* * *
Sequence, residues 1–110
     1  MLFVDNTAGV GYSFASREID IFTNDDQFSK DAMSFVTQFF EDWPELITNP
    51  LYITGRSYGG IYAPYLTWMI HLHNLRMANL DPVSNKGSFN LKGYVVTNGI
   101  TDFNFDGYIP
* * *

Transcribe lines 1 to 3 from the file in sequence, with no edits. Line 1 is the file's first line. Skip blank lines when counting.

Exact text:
Sequence, residues 1–110
     1  MLFVDNTAGV GYSFASREID IFTNDDQFSK DAMSFVTQFF EDWPELITNP
    51  LYITGRSYGG IYAPYLTWMI HLHNLRMANL DPVSNKGSFN LKGYVVTNGI